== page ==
Flammarion, 2015 (English translation)
This book is about the life of a French academic who cares about almost nothing except the 19th century writer Joris-Karl Huysmans, but who discovers that the spark he inherits from Huysmans is snuffed out by the reality of 21st century France. Although he ends up converting to Islam, and despite Houellebecq’s grumbling about Islam in public interviews, this book is not an analysis of Islam at all, and people looking for one will be disappointed. It contains elements of a political manifesto, but attributing some viewpoint to Houellebecq would eliminate the psychological crux of the narrative. Islam is neither the disease killing France nor the magic potion to cure the narrator. Islam is simply a reality happening in France. Whether it becomes a comfortable or uncomfortable reality, a Self or an Other, is the decision of the milquetoast narrator and millions like him.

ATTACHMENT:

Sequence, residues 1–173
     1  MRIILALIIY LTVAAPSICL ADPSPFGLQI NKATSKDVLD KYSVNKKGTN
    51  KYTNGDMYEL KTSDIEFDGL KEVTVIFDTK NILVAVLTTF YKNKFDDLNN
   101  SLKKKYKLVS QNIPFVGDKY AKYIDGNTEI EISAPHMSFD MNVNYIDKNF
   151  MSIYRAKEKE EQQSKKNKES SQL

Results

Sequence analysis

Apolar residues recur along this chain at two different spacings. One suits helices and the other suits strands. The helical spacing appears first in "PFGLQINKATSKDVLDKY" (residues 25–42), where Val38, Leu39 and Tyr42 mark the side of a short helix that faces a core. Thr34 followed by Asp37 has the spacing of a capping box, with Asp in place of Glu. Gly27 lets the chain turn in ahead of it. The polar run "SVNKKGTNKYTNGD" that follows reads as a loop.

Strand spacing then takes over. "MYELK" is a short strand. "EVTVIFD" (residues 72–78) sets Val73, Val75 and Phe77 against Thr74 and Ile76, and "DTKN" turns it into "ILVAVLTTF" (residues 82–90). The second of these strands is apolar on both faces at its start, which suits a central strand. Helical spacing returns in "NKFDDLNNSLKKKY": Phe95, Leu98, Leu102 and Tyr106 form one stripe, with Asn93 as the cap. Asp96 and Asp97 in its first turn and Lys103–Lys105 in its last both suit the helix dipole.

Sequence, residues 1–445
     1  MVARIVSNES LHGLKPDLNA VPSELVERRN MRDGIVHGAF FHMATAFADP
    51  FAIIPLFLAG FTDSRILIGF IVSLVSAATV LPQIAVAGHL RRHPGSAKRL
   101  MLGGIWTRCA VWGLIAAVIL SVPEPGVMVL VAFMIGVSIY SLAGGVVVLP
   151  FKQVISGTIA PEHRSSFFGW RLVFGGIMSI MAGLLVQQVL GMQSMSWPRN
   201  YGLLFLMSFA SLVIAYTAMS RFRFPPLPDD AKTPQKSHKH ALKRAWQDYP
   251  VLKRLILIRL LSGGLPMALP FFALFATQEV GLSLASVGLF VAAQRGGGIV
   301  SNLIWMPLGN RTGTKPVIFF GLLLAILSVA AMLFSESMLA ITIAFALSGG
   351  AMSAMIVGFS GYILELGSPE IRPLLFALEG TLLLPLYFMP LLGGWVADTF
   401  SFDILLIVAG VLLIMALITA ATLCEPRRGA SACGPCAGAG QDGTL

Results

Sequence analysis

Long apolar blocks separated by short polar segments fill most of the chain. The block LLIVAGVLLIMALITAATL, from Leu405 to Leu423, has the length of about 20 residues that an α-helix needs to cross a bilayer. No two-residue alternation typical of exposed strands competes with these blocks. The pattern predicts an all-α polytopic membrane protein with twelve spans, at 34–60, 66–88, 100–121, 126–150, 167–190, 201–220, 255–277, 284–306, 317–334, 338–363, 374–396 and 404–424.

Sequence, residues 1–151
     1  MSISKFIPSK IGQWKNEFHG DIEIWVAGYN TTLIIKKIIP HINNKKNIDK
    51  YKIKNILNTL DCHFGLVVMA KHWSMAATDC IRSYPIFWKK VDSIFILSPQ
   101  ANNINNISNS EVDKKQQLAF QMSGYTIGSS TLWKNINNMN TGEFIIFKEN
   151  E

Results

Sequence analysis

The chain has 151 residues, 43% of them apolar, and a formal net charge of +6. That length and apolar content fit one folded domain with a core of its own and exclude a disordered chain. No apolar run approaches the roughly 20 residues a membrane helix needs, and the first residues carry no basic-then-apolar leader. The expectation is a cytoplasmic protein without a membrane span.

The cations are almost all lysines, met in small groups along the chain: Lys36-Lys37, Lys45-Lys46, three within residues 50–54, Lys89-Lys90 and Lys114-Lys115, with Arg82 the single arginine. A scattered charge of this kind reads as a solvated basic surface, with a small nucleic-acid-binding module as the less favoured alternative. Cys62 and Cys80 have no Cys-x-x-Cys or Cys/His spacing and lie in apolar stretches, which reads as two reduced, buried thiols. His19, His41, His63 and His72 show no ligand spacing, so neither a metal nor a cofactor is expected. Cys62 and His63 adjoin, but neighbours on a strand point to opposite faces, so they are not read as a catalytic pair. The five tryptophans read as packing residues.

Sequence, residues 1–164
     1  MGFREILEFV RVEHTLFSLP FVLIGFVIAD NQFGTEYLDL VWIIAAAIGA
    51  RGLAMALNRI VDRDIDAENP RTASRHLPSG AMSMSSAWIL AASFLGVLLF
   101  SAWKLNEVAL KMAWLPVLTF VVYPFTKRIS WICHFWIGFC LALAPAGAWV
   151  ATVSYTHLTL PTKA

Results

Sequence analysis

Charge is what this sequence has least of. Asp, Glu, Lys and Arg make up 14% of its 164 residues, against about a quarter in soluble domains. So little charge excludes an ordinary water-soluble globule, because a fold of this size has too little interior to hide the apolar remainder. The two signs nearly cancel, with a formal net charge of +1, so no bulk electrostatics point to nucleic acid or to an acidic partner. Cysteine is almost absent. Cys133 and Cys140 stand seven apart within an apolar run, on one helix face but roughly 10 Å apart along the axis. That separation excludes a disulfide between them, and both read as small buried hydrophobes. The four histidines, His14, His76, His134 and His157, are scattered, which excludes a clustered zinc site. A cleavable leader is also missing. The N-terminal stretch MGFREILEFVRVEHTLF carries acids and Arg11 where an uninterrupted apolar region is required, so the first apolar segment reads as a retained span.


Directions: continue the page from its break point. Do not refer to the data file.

Tens of thousands of intelligent French people have converted to Islam (far more than in England). So why a novel, rather than a biography of René Guénon? This is a question that unappreciative reviewers who zip through the book finding nothing unusual about it need to ask. Why is the narrator so normal—and why is he so abnormal? He keeps on talking about Huysmans. “Well,” says the putatively leftist reviewer, “he’s a Huysmans specialist. That’s his job.” But what is a job? The narrator François is propelled around the country by Huysmans; he wants the religious conviction that Huymans had. It’s more than just a job for him. Who cares? Well, this question itself is the problem. Is Huysmans not of the West, and is the narrator not of the West, and are we not of the West? How is it that Huysmans became a moldy old “object of study,” and the narrator an alienated professor, and the reader segregated from both of them? How did this strange “normal” way of relating to literature arise, and where did our commonalities go? Houellebecq wants us to be confused by the narrator’s alienation, as much as the narrator is confused himself. He does not want to give us a sociological study about some object of research; he wants us to feel that we need to examine ourselves, that something has gone wrong.